Volcanic Unrest in Europe and Latin America
Start: October 1, 2011
Duration: 48 months
University of Bristol (UK)
University of Leeds (UK)
Geophysical Institute (Ecuador)
Seismic Research Unit (Trinidad and Tobago)
The VUELCO project consortium has come together for a multi-disciplinary attack on the origin, nature and significance of volcanic unrest from the scientific contributions generated by collaboration of ten partners in Europe and Latin America. Dissecting the science of monitoring data from unrest periods at six type volcanoes in Italy, Spain, the West Indies, Mexico and Ecuador the consortium will create global strategies for 1) enhanced monitoring capacity and value, 2) mechanistic data interpretation and 3) identification of reliable eruption precursors; all from the geophysical, geochemical and geodetic fingerprints of unrest episodes.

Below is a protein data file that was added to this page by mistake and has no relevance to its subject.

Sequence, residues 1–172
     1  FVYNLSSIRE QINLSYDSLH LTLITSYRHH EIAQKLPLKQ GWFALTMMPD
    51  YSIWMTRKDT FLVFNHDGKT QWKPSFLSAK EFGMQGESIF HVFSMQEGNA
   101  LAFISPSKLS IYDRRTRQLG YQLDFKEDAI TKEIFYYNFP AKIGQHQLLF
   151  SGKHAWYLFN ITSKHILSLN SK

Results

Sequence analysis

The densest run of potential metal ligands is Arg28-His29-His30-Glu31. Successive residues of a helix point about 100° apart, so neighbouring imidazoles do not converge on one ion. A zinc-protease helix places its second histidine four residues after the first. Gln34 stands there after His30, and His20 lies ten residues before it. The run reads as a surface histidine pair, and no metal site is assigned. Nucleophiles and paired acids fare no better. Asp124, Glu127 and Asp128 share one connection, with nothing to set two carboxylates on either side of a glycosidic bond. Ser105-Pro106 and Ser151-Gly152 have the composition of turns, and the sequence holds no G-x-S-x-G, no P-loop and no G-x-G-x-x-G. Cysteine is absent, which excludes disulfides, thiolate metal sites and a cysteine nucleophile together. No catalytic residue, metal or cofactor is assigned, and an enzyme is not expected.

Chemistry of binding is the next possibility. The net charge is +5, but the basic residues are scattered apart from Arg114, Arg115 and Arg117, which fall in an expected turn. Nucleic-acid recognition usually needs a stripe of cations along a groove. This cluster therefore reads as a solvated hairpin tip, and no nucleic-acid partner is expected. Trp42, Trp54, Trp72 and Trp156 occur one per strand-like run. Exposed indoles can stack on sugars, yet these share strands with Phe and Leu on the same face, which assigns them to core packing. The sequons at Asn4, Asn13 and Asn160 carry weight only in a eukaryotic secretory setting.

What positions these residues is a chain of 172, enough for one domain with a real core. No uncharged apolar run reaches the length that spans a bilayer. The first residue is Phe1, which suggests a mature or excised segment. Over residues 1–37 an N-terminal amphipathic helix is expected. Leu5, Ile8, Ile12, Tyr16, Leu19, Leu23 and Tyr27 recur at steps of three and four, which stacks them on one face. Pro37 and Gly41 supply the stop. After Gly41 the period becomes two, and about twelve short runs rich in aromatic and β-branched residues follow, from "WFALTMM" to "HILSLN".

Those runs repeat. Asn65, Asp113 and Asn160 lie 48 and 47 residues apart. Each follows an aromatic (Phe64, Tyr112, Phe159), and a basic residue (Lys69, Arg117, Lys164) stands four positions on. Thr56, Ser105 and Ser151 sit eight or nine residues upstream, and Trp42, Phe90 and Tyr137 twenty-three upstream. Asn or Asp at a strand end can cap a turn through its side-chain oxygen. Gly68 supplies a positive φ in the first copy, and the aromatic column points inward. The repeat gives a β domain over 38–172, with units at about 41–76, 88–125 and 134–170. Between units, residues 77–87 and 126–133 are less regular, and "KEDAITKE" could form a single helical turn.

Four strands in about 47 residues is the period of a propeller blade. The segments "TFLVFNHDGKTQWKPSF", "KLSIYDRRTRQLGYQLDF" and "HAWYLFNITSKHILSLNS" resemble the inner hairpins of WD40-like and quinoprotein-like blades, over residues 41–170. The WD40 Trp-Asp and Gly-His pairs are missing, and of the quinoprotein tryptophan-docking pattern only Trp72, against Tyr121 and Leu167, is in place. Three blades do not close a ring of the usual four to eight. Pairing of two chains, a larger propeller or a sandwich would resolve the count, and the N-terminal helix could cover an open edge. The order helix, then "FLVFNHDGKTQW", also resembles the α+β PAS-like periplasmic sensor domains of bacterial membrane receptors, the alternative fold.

Tungurahua Volcano Erupts
(Photo credit: IGEPN)
Ecuadorian Volcano, Tungurahua, has erupted dramatically this month with ash plumes as high as six miles into the atmosphere! Known as 'the throat of fire', the last major eruption was between 1916 and 1918, although there have been long term minor eruptions since. IGEPN reports that minor ashfall was reported in El Manzano (8 km SW) and Cahuaji on 26 March. Seismicity was at moderate levels and then declined during 28 March-1 April. Lahars on 31 March traveled down the Vascún (N) and Mapayacu (SW) drainages, carrying blocks up to 1 m in diameter in the latter drainage.' The GVP database provides information on the latest activity as well as eruptive history of the volcano.